The Radiflow Security Blog

Notes from Palo Alto Ignite 2019: helping system integrators bridge the IT-OT divide
November 18, 2019

By Rani Kehat, V.P. Business Development, Radiflow

​Last week, Radiflow took part in Palo Alto Network’s Ignite 2019 conference, a meeting place for Palo Alto Network’s EMEA IT security partners, held in Barcelona, Spain. Radiflow participated as a technical alliance partner for Palo Alto Networks Cortex cloud solutions and on-premises prevention in conjunction with the Palo Alto Networks firewall.

The ability to seamlessly add OT cyber tools to existing security controllers and SIEM infrastructure drew great attention from the IT security system integrator (SI) and service provider community.

Among the barriers standing in the way of IT System Integrators entering the OT environment, the main barrier, based on our observation, is not technological but rather procedural: it requires understanding the inner-workings of production processes such as power, oil, BMS, and manufacturing.

While system integrators already possess all the methodologies, tools, and disciplines needed to monitor and secure production environments, most still lack the fundamental knowledge of the OT domain.

The questions we received as we demonstrated the joint solution focused on following topics:

  • What is the threat surface?
  • What are the attack vectors?
  • How do you perform vulnerability and asset management?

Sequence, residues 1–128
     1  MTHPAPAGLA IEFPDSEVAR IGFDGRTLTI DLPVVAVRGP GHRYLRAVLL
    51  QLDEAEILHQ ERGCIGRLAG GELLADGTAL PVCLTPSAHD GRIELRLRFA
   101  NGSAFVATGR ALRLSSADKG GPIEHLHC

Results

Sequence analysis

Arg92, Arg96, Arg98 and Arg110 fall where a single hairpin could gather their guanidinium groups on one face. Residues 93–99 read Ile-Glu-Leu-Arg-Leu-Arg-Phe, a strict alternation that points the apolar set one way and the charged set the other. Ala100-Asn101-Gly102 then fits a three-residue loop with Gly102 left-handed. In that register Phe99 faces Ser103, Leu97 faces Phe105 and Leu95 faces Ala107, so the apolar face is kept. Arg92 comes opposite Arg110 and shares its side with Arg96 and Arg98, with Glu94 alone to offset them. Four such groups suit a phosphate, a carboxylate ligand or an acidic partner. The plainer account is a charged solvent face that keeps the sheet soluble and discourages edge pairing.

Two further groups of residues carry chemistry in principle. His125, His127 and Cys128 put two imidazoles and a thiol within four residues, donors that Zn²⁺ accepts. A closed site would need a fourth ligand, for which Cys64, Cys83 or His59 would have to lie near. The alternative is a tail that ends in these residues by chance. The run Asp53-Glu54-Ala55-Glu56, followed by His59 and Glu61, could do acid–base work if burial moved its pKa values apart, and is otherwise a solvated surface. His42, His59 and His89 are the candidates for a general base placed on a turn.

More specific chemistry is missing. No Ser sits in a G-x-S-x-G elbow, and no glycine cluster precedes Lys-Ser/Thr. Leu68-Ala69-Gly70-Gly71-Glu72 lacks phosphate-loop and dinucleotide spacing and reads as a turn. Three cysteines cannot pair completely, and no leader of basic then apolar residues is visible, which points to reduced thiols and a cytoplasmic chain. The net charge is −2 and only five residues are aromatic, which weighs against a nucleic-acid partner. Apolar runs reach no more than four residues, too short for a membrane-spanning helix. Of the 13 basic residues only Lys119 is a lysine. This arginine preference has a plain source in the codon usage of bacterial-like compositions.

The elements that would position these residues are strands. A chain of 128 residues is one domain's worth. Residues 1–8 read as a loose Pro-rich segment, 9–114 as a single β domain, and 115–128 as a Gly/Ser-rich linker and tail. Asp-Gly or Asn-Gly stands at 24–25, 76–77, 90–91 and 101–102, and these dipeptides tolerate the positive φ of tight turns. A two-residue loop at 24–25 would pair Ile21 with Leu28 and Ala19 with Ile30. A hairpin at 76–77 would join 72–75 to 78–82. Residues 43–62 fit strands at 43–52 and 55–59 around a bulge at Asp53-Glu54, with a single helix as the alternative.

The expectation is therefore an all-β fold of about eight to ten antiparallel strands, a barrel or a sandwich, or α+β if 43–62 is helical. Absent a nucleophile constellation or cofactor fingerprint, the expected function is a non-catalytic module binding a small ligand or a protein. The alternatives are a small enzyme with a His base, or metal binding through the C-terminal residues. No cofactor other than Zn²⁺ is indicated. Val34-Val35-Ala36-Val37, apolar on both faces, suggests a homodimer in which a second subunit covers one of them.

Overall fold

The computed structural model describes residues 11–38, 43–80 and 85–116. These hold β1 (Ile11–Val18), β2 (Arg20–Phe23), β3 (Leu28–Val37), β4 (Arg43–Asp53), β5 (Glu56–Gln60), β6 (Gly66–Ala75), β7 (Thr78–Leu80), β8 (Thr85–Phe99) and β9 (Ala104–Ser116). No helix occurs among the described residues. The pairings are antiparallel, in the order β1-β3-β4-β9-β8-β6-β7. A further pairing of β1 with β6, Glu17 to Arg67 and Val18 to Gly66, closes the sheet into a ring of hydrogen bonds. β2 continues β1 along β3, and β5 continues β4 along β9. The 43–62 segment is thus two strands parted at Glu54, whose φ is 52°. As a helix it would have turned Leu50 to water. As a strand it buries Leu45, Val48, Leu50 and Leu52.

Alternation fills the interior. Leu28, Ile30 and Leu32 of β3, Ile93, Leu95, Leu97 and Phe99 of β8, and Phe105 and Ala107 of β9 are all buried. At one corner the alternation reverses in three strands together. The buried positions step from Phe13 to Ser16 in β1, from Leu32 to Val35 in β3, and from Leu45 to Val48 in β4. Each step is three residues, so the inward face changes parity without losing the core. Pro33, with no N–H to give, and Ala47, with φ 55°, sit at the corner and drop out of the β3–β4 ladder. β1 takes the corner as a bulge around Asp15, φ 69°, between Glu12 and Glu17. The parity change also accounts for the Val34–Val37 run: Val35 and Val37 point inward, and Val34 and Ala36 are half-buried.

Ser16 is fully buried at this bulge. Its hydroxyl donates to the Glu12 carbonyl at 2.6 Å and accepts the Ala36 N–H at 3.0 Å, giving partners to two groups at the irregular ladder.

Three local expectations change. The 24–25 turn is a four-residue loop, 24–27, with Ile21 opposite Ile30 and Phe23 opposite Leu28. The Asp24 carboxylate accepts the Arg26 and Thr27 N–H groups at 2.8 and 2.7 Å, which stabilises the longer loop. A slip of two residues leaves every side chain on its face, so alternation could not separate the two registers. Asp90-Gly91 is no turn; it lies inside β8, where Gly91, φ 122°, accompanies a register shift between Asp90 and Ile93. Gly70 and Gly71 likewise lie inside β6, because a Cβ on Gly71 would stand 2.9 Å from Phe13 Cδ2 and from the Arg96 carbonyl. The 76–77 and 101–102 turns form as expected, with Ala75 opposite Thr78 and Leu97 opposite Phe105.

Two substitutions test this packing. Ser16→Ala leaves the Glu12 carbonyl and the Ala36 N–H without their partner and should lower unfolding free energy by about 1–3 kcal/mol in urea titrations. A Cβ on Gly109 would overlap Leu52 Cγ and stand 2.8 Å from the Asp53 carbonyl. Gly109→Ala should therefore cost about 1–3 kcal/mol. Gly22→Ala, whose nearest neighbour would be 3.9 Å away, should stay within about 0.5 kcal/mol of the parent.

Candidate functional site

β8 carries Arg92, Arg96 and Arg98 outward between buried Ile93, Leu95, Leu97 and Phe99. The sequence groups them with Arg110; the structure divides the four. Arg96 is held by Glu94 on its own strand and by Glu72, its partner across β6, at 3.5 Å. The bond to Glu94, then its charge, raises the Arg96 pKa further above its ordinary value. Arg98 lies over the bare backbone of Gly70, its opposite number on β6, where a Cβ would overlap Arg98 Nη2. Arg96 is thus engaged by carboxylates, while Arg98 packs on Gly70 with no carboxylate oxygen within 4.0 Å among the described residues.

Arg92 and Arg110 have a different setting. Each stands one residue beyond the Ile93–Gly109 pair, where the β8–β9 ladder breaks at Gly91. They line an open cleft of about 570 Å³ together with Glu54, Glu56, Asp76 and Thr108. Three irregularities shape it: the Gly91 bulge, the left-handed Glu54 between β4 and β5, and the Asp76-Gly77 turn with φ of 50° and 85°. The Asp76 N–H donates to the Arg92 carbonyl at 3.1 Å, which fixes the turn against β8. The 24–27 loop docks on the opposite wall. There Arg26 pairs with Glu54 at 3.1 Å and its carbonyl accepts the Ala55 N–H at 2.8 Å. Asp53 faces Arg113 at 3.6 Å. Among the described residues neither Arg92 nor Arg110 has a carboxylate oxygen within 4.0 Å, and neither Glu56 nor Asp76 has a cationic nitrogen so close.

• Regulations in this field, and experience in performing OT security assessments
  • How to define risk zones and the appropriate security policies?
  • How to establish a common language with operational engineers for building security policy (CSMS) and mitigation procedures (play-books)?

The answers to these questions boil down to the essential differences between IT and OT networks.

In general, IT environments consist of a user interface, the network itself, applications and databases. In a one-to-one analogy to OT environments, the data in IT environments can be seen as the production process itself. Therefore, data-producing companies can adopt the same risk-driven security policies.

(This is obviously not the case in OT: power plants produce power, not data, and silicon manufacturers produce silicon wafers. Data in OT may be a useful byproduct, but definitely not the main product of the process.)

At the show we have received a warm response from our booth visitors when we presented the Radiflow partner support plan, designed to enable system integrators to bridge the IT-OT divide, for the purpose of presenting a total OT cybersecurity solution to their clients.